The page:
Compete or Coexist? Social Media and the Creator Economy
The Creator Economy is on fire. With all the buzz about the spotlit creator economy, and new creator-focused companies popping up left and right (the more the merrier) — it’s becoming increasingly clear that we are headed for an era of innovation in models that reward the ultimate contributors, creators. Further, this week Influencer Marketing Hub pegged the greater creator economy space at a whopping $100 billion — a figure only expected to grow.
The social media giants (Instagram, YouTube, TikTok, etc.) have allowed so many of us creators to find new ways to express ourselves and build audiences of millions. As creators gain popularity, these platforms have built lucrative ad businesses that incentivize building bigger and bigger audiences — with most of the value created being retained by the platforms.
Meanwhile, in the past year or so, investors and entrepreneurs have also noticed that creators — artists, personalities, comedians — are increasingly turning content creation into full-time jobs and looking for new tools to empower them to do so. In parallel, we’ve seen the fans demonstrate an increased willingness to directly support — monetarily — the folks they watch/interact with everyday. This has given way to an influx of new creator tools that support direct monetization.
The question is — who will own these creator tools? New creator focused platforms have taken off in the past few years — from OnlyFans, to Patreon, to Substack. Almost certainly in response to this explosive growth we’ve seen a slew of announcements from the social media giants that new tools are coming. Will the incumbents be able to squash the newcomer creator platforms?
History suggests no. This posturing from the big platforms is not new. YouTube announced paid subscriptions in May 2013, the same month Patreon launched. In the time since, YouTube has become a dominant force in the media landscape — but Patreon has grown to a $4 billion valuation as the go-to choice for YouTube creators looking to monetize, despite YouTube’s built-in solution. In 2016, I personally joined creator focus groups for IGTV that promised better monetization solutions for creators that ultimately never panned out.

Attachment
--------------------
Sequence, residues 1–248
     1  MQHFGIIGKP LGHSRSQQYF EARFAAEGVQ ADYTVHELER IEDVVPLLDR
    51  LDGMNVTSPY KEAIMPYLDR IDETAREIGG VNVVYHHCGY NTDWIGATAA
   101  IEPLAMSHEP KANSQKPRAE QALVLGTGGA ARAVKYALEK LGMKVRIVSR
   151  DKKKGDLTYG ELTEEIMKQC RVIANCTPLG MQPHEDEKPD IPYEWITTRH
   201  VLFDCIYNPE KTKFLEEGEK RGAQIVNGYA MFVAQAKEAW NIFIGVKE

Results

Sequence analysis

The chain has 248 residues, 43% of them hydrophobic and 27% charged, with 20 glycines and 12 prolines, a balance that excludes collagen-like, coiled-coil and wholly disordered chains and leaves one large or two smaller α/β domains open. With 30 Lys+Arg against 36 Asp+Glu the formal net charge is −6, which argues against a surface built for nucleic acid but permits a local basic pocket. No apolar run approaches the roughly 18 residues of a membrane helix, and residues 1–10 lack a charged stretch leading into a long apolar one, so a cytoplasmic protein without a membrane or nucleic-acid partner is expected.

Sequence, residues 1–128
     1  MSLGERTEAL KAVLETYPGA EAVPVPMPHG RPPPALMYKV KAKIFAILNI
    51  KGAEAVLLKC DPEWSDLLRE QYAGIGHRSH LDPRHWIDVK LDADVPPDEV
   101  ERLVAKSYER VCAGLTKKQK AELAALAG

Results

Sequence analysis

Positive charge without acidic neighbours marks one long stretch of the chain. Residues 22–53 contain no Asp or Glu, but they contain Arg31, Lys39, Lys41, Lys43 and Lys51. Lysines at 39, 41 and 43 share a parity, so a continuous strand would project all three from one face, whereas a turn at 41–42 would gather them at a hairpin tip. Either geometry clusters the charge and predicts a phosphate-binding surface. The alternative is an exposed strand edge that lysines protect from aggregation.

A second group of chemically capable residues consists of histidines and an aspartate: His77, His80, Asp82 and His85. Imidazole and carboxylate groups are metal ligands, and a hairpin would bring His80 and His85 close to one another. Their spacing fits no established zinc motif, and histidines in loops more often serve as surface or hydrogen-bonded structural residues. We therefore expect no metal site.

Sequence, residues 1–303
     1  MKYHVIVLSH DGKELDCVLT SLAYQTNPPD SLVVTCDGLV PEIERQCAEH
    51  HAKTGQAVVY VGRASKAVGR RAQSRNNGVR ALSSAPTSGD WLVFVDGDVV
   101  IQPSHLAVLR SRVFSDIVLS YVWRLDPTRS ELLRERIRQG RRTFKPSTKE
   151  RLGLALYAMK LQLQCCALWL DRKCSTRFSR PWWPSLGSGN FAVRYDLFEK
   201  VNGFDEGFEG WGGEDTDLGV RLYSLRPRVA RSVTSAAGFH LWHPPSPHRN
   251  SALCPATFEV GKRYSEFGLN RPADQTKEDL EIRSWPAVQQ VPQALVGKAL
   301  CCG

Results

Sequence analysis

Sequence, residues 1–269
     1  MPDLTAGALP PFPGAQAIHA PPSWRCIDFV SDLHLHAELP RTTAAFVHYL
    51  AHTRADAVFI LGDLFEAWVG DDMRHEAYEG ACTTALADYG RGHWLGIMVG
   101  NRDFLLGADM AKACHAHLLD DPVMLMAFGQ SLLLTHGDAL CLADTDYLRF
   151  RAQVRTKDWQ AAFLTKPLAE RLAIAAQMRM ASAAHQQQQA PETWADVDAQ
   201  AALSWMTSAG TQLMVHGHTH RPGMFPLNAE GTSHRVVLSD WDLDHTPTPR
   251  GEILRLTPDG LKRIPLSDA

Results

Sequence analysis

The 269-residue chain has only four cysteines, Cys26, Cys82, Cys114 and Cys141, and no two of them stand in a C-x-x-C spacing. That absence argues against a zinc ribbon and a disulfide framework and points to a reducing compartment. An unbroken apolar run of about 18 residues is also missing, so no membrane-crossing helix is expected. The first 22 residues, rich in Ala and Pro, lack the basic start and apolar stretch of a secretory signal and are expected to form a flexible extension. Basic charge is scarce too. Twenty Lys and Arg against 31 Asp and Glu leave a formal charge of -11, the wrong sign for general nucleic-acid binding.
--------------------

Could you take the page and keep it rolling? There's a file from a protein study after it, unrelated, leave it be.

New platforms are succeeding because they are developing features not for your largest audience but for your strongest audience. Building for this north star leads to fundamentally different product decisions. There are several core features needed to build for your strongest audience:
- Focus on the creator, not the content — The social media giants are focused on pieces of content — serving the latest viral tweet or an algorithm for an infinite stream of videos to keep you glued to your screen (TikTok, YouTube). Whereas these new creator-centric platforms are focused on the relationship between a specific creator and their audience (Patreon, OnlyFans).
- Cater to a subset of the creator’s audience — Creators amass followings for a variety of reasons. Platforms that are able to double down on serving the interests of a specific subset of the creator’s followers will succeed in migrating them over so the creator can best engage with this subset without alienating their broader fanbase. Depop, for example, has thrived in capturing the creator’s audience specifically interested in their fashion.
- Create new ways for fans to engage — These new platforms also provide creators’ fans with materially new ways to engage. One of the best examples of this is Cameo, which brought the “digital autograph”, a deeply personalized experience previously unattainable, on a public feed.
These features are not focused on building a wider audience, but instead deriving increased value from a core set of users. Such a path runs counter to the ad-based models that are dependent on reaching as wide an audience as possible. To develop for stronger rather than larger audiences, risks the lucrative ad models that made these social giants so successful in the first place.
In the end, these creator platforms will exist symbiotically alongside YouTube, TikTok, Facebook. These social media giants will continue to mint new creators and attract them with wide audiences, driven to consume. But as more creators are minted, and as monetization and fan-engagement opportunities become available elsewhere, creators will continue to leverage new platforms to diversify their revenue streams. This will lead to targeted audiences (ie. the top fans of these creators), shifting their focus to these new platforms, where they’re offered more experiences, more authenticity, and more connections with their favorite creators.
Ultimately, what we’re seeing in bloom is a wonderful ecosystem, where the current major networks can continue to thrive on the ad-model, and continue to seed new creators. Where we come in (creator platforms), is embracing this apparent evolution by building new environments for fans and creators who have graduated from the ‘kick back and consume’ mentality, and are looking for the next iteration of creator-led social — a place where creators can devote more time and energy to creating and engaging with their most supportive fans.